The power management is a key challege for the GPS trackers that are used to locate the herds that can travel up to 40km a day. The trackers, fitted to the alpha female of the herd, link to a wide area LoRaWAN network run by Digita using technology from Actility. The trackers have to last for at least a year as the herds only come together twice a year for the sensors to be recharged.
The basestations are fitted to Digita's TV masts to achieve the long range coverage across the forests and tundra, receiving the location data from the trackers. This maximizes the battery life, and reduces costs as there is no need for cellular subscriptions for every device.
The pilot study began in June, and this September around 50 trackers were fitted on selected animals. “This tracking solution brings real benefits for the reindeer and for our herders,” says Matti Särkelä, who is Head of Office at the Finnish Reindeer Herders’ Association in Rovaniemi. “The main challenge is that today’s sensors are still quite large. We need a sensor that lasts for a year, at a low cost, and improved location technology – it can be hard to get good GPS signals in the high Arctic. We’re working now on finding the best technology mix and getting the best sensor, with the innovative Finnish LoRa ecosystem that’s building around Digita. For example, our mapping and visualisation software comes from Mapitare, a Finnish start-up that began creating offline-enabled maps for the emergency services.”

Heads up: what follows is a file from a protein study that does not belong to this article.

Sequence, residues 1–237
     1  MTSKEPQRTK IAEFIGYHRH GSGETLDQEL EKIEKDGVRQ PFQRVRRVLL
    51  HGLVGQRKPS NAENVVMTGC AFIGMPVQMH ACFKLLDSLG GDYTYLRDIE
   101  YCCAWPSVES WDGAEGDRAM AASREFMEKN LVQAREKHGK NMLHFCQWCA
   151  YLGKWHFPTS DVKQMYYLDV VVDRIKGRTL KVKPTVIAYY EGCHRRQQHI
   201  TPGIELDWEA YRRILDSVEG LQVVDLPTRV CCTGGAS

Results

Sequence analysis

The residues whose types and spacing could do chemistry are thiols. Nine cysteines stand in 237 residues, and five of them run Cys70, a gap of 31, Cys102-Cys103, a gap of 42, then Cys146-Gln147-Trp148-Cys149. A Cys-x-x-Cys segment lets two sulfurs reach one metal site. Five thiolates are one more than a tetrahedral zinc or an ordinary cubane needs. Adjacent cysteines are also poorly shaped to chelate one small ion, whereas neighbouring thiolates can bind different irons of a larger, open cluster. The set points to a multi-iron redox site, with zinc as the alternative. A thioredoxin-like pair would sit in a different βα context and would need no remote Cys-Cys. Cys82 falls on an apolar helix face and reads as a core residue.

“The combination of the latest IoT technology with hundreds of years of tradition is unique in our experience. And it’s a great experiment with much wider implications – if you can track reindeer in those conditions, then you can track anything, anywhere,” said Mike Mulica, CEO of Actility.